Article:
The Climate Corporation aims to help farmers around the world protect and improve their farming operations with uniquely powerful software and insurance products. The company’s proprietary technology platform combines hyper-local weather monitoring, agronomic data modeling, and high-resolution weather simulations to deliver, a solution that helps farmers improve their profits by making better informed operating and financing decisions, and Total Weather Insurance, an insurance offering that pays farmers automatically for bad weather that may impact their profits.
Farmers are more likely to earn money and less likely to lose it. Consumers will get cheaper prices. The environment benefits because fewer resources are wasted. It's hard to find fault with this. What's Mr. Ruiz-Marrero's problem?

It gets worse.
In 2012 Monsanto bought a similar company, Precision Planting, for $210 million. The biotech behemoth was after the company’s FieldView platform, a hardware/software package that monitors the performance of farm machinery and pretty much tells the farmer how to do everything, determining even the spacing between crop rows.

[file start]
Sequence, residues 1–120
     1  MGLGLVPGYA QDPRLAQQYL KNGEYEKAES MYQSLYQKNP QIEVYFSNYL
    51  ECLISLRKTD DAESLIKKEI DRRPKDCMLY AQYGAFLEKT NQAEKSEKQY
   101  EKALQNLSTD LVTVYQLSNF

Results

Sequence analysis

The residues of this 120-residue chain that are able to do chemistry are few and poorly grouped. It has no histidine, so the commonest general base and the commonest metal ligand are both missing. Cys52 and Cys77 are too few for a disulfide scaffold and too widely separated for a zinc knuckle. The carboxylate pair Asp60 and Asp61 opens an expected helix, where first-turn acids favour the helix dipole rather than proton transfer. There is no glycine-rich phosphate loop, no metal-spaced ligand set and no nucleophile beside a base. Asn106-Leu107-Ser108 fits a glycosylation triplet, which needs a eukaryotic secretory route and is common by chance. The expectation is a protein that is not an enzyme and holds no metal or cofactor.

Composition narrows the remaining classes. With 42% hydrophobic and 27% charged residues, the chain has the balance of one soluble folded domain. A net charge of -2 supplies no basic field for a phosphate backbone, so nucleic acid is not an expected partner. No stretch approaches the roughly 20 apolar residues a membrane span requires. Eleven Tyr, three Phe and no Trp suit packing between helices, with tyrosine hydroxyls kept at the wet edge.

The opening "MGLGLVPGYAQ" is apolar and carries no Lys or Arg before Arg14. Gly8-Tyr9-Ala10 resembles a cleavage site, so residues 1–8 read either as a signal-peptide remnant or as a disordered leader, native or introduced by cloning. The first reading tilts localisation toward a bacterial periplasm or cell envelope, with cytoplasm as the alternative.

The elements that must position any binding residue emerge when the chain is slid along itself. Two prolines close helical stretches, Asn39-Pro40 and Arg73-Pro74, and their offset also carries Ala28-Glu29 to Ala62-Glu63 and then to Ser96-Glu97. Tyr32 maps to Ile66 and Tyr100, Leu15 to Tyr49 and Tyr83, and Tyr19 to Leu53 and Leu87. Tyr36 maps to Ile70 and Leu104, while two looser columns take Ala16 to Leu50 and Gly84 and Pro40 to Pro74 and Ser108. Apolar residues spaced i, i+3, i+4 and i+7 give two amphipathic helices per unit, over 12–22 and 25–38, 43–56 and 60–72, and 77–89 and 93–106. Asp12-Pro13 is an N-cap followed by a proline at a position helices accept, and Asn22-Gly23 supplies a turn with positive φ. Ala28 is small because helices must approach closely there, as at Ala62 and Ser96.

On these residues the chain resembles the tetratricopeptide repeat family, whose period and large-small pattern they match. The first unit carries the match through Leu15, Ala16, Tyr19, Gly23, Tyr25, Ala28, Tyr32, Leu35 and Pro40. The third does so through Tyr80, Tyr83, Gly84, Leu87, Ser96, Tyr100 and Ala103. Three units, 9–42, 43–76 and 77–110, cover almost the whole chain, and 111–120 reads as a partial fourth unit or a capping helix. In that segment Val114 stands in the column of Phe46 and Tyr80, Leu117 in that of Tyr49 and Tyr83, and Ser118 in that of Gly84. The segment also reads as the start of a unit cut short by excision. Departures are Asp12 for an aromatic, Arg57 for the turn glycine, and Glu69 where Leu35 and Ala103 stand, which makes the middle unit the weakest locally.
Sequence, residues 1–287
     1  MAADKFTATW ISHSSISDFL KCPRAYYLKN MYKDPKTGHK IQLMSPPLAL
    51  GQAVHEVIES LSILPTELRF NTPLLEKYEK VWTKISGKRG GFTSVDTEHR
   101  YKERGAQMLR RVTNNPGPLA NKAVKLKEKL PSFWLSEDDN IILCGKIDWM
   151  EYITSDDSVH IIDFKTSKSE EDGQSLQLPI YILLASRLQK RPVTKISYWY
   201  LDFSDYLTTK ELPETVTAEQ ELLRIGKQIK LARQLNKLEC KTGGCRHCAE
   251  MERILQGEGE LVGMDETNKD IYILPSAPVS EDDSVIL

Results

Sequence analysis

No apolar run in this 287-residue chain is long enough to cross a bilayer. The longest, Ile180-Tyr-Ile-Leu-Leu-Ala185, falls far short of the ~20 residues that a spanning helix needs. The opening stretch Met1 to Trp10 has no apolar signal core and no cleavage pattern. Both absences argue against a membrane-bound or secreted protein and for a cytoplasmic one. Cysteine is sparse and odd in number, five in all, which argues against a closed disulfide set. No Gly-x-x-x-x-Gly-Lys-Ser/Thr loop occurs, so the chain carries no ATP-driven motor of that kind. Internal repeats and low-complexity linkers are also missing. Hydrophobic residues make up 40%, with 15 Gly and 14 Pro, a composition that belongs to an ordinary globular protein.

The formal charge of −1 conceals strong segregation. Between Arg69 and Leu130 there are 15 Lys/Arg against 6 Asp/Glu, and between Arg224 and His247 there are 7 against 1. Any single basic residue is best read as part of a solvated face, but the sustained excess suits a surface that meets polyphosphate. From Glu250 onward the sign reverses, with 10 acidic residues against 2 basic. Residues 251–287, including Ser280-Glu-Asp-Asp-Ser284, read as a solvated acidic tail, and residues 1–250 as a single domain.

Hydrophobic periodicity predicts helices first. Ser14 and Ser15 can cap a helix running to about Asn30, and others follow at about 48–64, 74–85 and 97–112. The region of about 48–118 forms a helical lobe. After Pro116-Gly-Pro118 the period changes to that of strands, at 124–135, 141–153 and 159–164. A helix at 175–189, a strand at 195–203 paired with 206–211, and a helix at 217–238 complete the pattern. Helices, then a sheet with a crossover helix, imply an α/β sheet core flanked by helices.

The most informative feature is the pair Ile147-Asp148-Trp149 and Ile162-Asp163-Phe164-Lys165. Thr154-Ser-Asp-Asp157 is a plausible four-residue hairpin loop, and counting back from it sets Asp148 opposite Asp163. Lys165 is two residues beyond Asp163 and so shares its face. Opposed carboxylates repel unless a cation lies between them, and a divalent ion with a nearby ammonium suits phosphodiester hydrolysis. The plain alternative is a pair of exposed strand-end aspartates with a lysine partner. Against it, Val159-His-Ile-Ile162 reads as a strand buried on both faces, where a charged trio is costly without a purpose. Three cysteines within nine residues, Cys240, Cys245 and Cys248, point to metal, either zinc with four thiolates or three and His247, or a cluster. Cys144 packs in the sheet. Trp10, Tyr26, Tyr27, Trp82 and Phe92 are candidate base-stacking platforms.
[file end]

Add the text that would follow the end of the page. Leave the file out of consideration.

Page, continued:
Yet another evil plot to make food cheaper and better, using fewer chemicals while wasting less land and water. These awful capitalists! What will they think of next?

Mr. Ruiz-Marrero lays out the benefits of this new technology rather clearly.
Welcome to the brave new world of precision farming, in which every farmer will need a wifi connection and an iPad. Precision ag, as it is often called, is the collective name of a series of new agricultural data and crop monitoring technologies. The alleged benefits of these new techno packages include increased yields, better information for decision making in the farm, reduction in the use and overuse of agrochemicals and fertilizer, and increased profits. It relies on cutting edge technologies like geographic information systems (GIS), remote sensing, wireless internet, portable computers, high-speed data processing, and global positioning (GPS).